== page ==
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A budget check is part of the creditworthiness check. It aims to protect borrowers from over-indebtedness in the course of taking out a loan. Those who grant loans are obliged by law to carry out a budget check on the basis of the Consumer Credit Act.
Knowing one's own financial situation helps to make reliable decisions. For this reason, prospective borrowers should also carry out a budget check in the event of major expenditure or the taking out of a loan.
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1. Budget check according to the Consumer Credit Act
Lenders are obliged to check the creditworthiness of the applicant. According to the Consumer Credit Act, the applicant is considered creditworthy if he or she can repay the loan without having to claim the non-attachable part of the income. Consequently, the attachable income must be determined in order to be able to make statements about creditworthiness. This is done as part of the budget check.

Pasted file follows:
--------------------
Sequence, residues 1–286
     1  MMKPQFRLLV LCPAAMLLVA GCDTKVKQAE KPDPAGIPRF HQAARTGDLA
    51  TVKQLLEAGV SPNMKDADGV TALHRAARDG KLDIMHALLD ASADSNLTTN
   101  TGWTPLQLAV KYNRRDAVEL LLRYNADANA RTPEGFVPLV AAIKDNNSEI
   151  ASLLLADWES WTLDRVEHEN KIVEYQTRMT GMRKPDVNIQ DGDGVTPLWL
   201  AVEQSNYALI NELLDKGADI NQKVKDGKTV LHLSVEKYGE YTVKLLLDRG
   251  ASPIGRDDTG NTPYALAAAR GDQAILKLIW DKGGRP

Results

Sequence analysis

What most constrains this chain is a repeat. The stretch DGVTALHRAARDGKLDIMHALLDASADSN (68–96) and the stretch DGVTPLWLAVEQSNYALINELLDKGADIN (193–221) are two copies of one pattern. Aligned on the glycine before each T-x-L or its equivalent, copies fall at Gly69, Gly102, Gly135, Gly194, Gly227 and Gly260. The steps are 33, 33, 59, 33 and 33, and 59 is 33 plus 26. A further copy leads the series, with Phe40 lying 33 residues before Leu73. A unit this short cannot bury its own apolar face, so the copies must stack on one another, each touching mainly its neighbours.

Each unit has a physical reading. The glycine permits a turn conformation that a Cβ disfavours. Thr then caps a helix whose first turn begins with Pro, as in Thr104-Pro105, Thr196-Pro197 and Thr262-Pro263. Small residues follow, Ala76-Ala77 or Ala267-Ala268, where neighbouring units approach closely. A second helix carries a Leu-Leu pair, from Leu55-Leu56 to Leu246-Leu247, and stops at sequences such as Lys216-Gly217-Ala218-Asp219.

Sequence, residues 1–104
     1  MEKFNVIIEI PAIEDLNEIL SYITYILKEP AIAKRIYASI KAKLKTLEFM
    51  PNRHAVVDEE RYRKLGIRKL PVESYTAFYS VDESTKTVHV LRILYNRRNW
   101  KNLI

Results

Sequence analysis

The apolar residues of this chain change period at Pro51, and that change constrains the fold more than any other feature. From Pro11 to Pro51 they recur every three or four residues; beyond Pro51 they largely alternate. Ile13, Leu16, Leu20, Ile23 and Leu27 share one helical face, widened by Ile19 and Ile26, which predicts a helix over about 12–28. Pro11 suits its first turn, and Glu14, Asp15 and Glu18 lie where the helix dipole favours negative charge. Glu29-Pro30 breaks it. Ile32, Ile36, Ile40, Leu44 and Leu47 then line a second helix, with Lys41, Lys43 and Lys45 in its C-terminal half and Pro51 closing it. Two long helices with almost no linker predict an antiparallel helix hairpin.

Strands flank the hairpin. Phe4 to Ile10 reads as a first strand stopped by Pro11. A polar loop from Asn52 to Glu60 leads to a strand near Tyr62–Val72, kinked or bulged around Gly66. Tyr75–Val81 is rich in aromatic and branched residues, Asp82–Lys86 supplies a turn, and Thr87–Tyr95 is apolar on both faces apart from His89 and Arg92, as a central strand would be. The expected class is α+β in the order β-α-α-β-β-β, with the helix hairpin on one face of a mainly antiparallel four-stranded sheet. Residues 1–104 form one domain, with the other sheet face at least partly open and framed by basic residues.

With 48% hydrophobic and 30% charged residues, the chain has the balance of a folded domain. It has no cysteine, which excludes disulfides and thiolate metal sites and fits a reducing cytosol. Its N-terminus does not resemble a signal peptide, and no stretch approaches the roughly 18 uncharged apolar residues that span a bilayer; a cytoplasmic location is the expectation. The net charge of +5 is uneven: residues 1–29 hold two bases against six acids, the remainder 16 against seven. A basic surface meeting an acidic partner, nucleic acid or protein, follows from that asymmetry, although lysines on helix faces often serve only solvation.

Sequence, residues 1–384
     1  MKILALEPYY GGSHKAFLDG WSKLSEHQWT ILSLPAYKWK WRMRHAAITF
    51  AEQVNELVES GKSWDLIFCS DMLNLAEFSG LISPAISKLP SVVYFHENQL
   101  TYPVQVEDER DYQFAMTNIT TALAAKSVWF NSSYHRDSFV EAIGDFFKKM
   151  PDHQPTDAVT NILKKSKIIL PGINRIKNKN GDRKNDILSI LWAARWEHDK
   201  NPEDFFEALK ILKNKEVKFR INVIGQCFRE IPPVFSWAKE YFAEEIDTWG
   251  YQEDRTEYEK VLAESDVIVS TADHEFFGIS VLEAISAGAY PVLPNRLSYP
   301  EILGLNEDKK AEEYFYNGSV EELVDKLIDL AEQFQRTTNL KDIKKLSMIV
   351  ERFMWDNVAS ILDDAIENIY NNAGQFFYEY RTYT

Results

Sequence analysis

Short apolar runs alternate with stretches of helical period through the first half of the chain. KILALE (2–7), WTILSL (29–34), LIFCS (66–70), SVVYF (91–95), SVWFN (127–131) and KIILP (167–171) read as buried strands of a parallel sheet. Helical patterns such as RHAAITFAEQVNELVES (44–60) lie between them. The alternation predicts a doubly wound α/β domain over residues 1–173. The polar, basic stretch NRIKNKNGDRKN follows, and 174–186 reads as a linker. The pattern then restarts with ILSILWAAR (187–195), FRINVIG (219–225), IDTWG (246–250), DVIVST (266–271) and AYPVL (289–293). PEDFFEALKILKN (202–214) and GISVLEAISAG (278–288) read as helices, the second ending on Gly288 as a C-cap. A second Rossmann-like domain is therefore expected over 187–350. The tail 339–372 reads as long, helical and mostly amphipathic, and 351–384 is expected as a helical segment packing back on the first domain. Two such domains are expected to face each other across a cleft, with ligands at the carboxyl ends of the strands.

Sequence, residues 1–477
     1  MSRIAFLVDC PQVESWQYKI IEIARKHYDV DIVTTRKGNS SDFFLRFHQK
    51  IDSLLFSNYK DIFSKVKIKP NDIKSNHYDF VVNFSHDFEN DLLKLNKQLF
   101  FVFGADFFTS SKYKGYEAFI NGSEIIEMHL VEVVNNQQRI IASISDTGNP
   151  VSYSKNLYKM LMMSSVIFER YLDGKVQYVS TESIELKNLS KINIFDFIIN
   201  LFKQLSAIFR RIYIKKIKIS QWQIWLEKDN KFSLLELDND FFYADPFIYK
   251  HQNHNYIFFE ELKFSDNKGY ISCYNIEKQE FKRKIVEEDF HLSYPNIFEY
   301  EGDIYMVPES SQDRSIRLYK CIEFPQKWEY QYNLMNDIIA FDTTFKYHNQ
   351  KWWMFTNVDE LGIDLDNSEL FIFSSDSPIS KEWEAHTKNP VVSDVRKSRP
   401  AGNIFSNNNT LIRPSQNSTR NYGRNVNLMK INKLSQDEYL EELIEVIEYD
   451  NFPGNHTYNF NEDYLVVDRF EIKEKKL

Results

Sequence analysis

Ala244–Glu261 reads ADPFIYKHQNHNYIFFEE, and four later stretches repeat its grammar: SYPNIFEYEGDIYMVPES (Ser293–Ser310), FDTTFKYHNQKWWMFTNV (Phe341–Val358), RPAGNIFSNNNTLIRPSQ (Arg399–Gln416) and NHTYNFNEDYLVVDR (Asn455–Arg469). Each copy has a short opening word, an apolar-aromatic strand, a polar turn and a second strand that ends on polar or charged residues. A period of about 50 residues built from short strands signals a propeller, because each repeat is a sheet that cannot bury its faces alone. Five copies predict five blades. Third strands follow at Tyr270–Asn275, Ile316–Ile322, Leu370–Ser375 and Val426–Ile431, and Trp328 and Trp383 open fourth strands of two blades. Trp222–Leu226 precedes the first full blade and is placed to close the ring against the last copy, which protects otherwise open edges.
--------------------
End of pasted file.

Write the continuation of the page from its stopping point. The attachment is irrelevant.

To calculate the attachable income, all monthly recurring income is compared to the monthly payment obligations.
On the expenditure side, the most important items by law are:
the rent actually owed
the taxes owed according to the withholding tax table
obligations reported to the Consumer Credit Information Office (IKO)
are to be taken into account.
On the income side, all recurring income is taken into account. These include for example:
Monthly net income
Secondary and additional income
Income of the spouse
Income of other contractors
Alimony and maintenance payments
If the difference between income and expenses exceeds the subsistence level, the consumer is considered to have creditworthiness.
2. Personal budget check
Before taking out a loan or making a major purchase, consumers should know their monthly disposable income. A comparison of income and expenses quickly reveals which additional costs can be accepted without risk.
Income includes, for example:
Own net income
Net income of partner
Family and care allowances
Other income (e.g. additional income, rent, etc.)
For example, the following should be taken into account for expenses
Housing costs rent (incl. heating and ancillary costs)
Housing costs for own home (mortgage interest, heating, water, insurance, etc.)
Costs for current loans
Electricity and gas
Telephone, internet, mobile phone, TV fees, cable fees
Food and drink
Taxes (state, municipal, fire tax, etc.)
Mobility costs (monthly tickets, petrol, toll sticker, vehicle tax, etc.)
Costs for pets
Subtracting all expenses from the available income results in the maximum available budget that should be spent on purchases and investments in order to protect oneself from future financial bottlenecks.